Bacterial pneumonia is an infection of the lungs caused by various types of bacteria. Streptococcus is one of the most common types of bacteria that cause pneumonia. When this bacterium infects your lungs, it makes them swell and breathing becomes difficult as a result. Although pneumonia can affect people of all ages, it is more common among elderly people from 65 years and above, asthmatic or diabetic patients, people with a weak immune system, alcoholics, and smokers.
Pneumonia often attacks with little or no warning but some of its prominent symptoms include high fever, chills, coughing out yellow, greenish or bloody mucus, poor appetite, fatigue, sharp chest pain, fast heartbeat, too much sweating, and blue-tinted lips or fingernails.
How To Treat Bacterial Pneumonia
Once you notice that you are experiencing symptoms of bacterial pneumonia, it is important that you head to the hospital straightway to receive proper check-up and treatment. The doctor might prescribe medications that will help you breathe more easily and also give you some antibiotics that will fight the particular bacterium responsible for your infection.
You could also take some over-the-counter drugs like painkillers to relieve aches, pains, and body fever. Ensure you stick to the doctor’s prescriptions and take all the antibiotics administered to you even if you start to feel better.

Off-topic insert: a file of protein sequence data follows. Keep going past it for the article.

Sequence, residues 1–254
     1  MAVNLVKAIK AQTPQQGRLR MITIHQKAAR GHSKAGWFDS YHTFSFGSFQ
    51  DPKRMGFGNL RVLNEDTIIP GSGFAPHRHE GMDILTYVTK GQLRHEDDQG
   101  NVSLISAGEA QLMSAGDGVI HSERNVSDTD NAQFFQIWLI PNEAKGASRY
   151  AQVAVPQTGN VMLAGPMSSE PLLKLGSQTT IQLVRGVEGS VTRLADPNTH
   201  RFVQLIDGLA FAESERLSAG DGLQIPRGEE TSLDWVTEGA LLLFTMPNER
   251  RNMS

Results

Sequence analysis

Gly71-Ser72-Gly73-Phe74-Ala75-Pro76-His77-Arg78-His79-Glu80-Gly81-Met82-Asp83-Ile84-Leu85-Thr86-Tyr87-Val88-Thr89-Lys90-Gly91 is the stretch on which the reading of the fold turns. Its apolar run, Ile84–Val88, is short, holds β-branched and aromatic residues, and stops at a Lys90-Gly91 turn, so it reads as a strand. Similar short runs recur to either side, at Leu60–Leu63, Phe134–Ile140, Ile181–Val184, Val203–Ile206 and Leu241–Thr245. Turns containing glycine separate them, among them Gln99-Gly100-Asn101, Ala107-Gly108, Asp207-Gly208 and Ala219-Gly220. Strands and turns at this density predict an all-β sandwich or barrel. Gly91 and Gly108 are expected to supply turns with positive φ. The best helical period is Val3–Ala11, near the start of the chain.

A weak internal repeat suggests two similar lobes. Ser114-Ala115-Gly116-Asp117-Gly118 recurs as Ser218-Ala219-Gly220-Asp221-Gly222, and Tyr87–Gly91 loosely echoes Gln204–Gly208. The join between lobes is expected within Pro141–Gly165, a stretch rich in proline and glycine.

Depending on the severity of your case, you may be required to spend some days in the hospital for closer monitoring and additional treatments. If you are not admitted in the hospital, try to take care of yourself at home by getting enough rest.
How To Lower The Risk Of Bacterial Pneumonia
A weak immune system is a fertile ground for bacterial pneumonia. One of the best ways to lower your chances of getting infected with this illness that is often fatal is by taking steps to preserve the strength of your immune system. You can do this by washing your hands frequently, eating healthy foods and getting enough rest.
Since flu complication can also cause bacterial pneumonia, going for an annual flu shot may be a wise decision on your part. There are also some pneumococcal vaccines you can take to reduce your risk of developing bacterial pneumonia. They include PCV13 and PPSV23: a doctor is in the best position to tell you which vaccine is suitable for you, all things being considered including your age and overall health status.
You can never be too careful when it comes to your health.